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Originally Posted by RC-Tom View Post
Hi CF105,

I own a pkz vapor, ember2 and j-3 cub which I really enjoy flying.
But, I also own a pkz um P-51 which I failed to fly at several occasions. After those I bought a pkz T28-D (the big one) and now recently a E-flite Carbon Cub SS. I never had the courage to maiden the two last planes and now your post confused me: should I get a pkz um T28 or should I fly my Carbon cub?
I asked something similar on another forum and the general advice was that the Carbon cub was way more difficult to master than the Trojans (both big and um).
What would be your advice?
Thanks for helping!
Best regards, Tom.
I've heard the P-51 is a handful. I have one, but have not dared to fly it yet, myself.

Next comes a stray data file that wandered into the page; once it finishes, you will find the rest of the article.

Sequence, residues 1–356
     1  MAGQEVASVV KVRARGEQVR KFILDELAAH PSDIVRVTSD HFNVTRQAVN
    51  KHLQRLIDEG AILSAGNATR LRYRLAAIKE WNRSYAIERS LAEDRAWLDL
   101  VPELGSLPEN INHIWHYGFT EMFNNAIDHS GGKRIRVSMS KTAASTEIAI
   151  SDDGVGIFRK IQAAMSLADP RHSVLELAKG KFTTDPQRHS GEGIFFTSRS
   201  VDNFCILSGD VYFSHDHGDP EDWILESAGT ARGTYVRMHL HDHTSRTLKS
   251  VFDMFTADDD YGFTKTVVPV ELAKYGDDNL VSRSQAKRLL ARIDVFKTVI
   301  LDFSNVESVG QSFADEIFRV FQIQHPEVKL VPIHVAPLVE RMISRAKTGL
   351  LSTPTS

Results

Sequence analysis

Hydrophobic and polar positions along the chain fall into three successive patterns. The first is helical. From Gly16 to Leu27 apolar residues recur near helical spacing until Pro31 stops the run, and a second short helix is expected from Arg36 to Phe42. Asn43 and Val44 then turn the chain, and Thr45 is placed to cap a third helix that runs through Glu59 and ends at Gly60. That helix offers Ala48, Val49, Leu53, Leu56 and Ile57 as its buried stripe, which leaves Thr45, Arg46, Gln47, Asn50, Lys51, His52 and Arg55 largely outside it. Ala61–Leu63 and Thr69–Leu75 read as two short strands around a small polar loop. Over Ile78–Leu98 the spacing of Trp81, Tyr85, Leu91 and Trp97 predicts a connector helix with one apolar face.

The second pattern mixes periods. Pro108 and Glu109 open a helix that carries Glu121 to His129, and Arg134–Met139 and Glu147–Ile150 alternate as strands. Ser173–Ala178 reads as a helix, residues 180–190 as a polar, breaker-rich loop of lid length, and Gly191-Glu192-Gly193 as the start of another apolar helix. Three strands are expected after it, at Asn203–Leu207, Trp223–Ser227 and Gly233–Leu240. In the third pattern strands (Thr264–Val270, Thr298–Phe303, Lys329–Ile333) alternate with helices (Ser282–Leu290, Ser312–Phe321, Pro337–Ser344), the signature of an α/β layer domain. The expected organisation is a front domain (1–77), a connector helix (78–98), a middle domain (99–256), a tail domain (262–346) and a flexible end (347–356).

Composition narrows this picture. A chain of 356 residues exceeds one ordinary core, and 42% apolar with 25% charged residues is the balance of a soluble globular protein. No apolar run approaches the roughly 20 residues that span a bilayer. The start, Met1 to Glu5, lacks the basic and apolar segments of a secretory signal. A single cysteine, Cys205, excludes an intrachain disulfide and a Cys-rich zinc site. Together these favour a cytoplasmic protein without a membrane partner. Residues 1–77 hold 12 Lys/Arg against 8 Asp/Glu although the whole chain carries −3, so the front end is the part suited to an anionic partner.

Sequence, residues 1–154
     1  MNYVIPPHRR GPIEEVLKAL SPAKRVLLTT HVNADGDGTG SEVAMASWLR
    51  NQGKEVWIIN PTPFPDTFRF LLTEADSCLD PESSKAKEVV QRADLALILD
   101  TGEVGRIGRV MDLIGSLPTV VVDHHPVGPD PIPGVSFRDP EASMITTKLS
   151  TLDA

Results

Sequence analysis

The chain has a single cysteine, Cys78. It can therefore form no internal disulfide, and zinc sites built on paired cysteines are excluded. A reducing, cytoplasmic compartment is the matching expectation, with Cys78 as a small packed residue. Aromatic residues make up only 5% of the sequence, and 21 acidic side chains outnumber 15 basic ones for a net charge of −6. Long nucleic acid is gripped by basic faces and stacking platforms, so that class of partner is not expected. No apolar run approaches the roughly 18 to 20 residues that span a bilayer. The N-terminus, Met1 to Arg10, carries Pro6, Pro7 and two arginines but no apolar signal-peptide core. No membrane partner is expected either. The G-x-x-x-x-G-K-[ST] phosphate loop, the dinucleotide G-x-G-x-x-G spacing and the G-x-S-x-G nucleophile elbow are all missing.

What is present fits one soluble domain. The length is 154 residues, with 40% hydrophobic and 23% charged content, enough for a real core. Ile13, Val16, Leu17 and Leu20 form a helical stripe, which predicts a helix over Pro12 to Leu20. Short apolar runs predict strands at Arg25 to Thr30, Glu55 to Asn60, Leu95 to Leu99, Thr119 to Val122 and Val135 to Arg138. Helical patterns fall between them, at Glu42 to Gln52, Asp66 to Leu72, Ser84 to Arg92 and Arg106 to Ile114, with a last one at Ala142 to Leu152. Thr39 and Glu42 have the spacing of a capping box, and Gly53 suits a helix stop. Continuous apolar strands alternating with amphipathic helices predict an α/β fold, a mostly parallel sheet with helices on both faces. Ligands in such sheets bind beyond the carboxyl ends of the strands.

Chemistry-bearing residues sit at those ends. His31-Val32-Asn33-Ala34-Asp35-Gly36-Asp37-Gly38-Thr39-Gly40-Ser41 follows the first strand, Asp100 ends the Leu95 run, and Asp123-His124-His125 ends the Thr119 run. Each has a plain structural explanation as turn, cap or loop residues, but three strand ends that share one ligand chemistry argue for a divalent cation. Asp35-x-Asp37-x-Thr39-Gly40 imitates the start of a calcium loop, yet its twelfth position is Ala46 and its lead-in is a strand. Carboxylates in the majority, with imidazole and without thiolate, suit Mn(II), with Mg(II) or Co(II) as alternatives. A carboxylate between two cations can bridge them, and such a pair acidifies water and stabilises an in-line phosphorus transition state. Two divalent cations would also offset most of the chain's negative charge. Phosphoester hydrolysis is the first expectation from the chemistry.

I flew indoors last winter, starting with a micro J-3, an Ember 2, and later a UM T-28. The Ember didn't fly much - I tend towards "scale" type planes. I flew the J-3 a LOT. Went from careening off the gym walls to flying it easily. The UM T-28... well I demolished one, and damaged a second before being able to reliably keep it airborne.

The Carbon Cub, I've only flown outside. The only micro I've done that with so far, in fact. I need to dust off the T-28 and try it outside! What I like about the CC is, with a headwind you can slow it down to virtually zero groundspeed, and you don't have to flight hard to keep it level. I'm inclined to say, provided you fly it conservatively, at least until you're comfortable with it, the CC is a really good choice for learning ailerons. As far as UM's go.

The regular T-28... that's what I really learned ailerons on. It will seem a bit "twitchy" at first, compared to the 3CH planes. If you're interested in something other than a micro, I'd really recommend it. Just make sure to use the recommended control settings, and fly conservatively until you're good & comfortable. Planes seem to always know when you're getting a bit too cocky...